Adobe Debuts Free, Online Version of Photoshop

Last Updated Mar 28, 2008 10:06 PM EDT

Adobe introduced a free, online version of its popular Photoshop software Thursday. It's an interesting experiment to take one of its flagship programs and apply it to a business model that is becoming more popular online: let users use a limited version of it for free all they want, or to use all features for a fee.

Still, it's not clear whether Adobe is making this move because it wants to, or because it doesn't have much choice. Called Photoshop Express, the site lets members upload photos, edit and store them or share them on social network sites like Facebook. The editing features range from cropping and touch-ups to tweaks like saturation, white balance and image sharpening or distortion.

A blog post on Wired News gave Photoshop Express a largely positive review, although it also noted that there are already established sites that have similar offerings, including Picnik and FotoFlexer. Google's Picasa application also has an API that can allow it to interface with photo-sharing sites.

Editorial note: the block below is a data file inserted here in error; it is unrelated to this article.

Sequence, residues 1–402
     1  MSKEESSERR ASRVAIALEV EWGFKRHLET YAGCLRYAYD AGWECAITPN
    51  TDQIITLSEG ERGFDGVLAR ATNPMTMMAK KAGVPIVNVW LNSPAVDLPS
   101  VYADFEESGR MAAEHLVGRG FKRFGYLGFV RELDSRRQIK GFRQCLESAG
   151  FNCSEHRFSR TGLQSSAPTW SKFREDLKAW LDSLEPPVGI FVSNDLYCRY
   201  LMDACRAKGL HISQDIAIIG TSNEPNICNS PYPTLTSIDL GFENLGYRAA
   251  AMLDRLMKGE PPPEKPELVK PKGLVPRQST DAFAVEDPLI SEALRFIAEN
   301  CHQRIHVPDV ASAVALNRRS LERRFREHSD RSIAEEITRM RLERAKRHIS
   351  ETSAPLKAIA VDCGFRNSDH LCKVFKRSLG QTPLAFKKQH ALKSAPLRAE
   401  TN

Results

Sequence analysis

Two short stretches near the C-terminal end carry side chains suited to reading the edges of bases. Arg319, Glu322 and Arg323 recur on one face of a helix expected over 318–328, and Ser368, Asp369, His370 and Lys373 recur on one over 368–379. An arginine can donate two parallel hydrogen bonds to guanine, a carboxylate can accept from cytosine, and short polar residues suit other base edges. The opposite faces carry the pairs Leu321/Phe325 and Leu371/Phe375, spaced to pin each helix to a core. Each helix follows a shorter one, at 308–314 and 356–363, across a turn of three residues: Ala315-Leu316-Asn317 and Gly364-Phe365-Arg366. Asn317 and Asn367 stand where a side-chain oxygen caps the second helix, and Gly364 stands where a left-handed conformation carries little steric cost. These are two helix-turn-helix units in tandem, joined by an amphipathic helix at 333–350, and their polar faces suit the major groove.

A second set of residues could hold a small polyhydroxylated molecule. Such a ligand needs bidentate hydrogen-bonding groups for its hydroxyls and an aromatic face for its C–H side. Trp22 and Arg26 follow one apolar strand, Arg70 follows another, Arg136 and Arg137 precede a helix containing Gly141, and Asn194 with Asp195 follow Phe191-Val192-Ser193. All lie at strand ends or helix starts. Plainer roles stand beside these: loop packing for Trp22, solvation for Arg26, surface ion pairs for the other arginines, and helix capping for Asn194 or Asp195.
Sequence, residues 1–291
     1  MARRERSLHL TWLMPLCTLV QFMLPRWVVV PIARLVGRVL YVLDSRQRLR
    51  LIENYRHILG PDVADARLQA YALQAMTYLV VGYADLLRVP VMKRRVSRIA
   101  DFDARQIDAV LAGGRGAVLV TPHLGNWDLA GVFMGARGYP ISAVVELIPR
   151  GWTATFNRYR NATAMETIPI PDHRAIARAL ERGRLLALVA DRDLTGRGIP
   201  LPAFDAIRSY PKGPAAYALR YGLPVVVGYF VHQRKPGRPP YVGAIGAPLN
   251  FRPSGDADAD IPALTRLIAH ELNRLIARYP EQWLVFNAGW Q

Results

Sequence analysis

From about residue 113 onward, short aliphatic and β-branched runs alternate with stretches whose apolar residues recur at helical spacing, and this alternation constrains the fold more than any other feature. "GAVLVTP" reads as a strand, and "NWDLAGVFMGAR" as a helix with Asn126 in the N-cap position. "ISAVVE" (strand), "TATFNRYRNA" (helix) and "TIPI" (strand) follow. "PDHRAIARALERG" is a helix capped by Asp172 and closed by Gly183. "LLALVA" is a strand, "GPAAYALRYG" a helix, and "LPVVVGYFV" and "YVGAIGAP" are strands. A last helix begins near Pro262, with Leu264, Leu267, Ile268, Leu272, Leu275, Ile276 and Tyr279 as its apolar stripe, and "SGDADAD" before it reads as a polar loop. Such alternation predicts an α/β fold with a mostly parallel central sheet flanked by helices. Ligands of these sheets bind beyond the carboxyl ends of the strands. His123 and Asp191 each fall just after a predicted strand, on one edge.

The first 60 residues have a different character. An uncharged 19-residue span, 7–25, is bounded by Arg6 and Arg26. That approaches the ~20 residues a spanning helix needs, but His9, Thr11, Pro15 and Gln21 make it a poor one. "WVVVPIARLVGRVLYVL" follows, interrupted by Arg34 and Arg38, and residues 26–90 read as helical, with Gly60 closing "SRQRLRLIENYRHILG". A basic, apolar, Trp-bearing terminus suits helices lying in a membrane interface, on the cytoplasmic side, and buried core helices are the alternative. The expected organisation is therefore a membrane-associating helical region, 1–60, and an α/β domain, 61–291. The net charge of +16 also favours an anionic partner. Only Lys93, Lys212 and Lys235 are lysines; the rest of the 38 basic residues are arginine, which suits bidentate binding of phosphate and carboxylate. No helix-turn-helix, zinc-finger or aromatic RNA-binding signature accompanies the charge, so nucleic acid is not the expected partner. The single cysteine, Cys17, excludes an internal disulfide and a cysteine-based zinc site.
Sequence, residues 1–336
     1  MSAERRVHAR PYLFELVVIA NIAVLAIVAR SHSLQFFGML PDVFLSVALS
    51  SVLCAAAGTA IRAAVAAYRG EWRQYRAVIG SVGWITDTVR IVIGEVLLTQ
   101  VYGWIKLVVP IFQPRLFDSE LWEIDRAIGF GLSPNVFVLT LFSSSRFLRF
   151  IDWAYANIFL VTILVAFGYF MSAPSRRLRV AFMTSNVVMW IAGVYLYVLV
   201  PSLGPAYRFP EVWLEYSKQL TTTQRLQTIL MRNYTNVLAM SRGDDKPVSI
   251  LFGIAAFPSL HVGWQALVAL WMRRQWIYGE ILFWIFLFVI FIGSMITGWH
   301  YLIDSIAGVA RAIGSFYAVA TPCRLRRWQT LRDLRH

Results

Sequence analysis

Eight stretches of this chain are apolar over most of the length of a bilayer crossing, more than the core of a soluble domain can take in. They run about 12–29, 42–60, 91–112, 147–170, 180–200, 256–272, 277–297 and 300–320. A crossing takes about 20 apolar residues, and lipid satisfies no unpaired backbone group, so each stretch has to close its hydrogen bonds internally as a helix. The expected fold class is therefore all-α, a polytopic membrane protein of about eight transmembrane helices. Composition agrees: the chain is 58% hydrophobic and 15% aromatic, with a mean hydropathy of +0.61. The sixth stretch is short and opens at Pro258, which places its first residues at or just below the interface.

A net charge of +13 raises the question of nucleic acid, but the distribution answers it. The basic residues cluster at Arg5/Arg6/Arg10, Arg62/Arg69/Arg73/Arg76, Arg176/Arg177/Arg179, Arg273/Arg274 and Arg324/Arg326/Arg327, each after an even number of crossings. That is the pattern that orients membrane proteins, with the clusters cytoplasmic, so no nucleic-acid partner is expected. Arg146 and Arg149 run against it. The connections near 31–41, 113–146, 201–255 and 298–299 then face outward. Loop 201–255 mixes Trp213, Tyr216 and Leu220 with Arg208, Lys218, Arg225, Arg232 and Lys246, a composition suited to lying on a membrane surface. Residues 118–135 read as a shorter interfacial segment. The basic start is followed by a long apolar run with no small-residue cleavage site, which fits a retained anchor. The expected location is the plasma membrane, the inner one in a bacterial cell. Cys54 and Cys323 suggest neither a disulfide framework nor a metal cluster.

The Photoshop Express interface is somewhat nicer, but Picnik, for example, has already partnered with many photo sharing sites and the editor is directly integrated into those services. That means, at Flickr for instance, you can have unlimited storage (with a pro account) and the Picnik editor, all without leaving the site.
So while Adobe may be trying to seize a new market opportunity, it also has little choice if it doesn't want to lose users to these new photo-editing rivals. And some people are already put off by some conditions in Adobe's terms of use. As one alert commenter on the Wired item quickly spotted this clause:
Adobe does not claim ownership of Your Content. However, with respect to Your Content that you submit or make available for inclusion on publicly accessible areas of the Services, you grant Adobe a worldwide, royalty-free, nonexclusive, perpetual, irrevocable, and fully sublicensable license to use, distribute, derive revenue or other remuneration from, reproduce, modify, adapt, publish, translate, publicly perform and publicly display such Content (in whole or in part)....
In other words, Adobe doesn't want to own your edited photos, but it might as well.

Update: There are signs Photoshop may amend its terms of use to address widespread complaints.

  • Kevin Kelleher

    Kevin Kelleher writes a regular stock column at and is a contributor to Wired, Popular Science, and GigaOm. He has previously worked as a reporter and editor at Bloomberg News, Wired News, and The Industry Standard.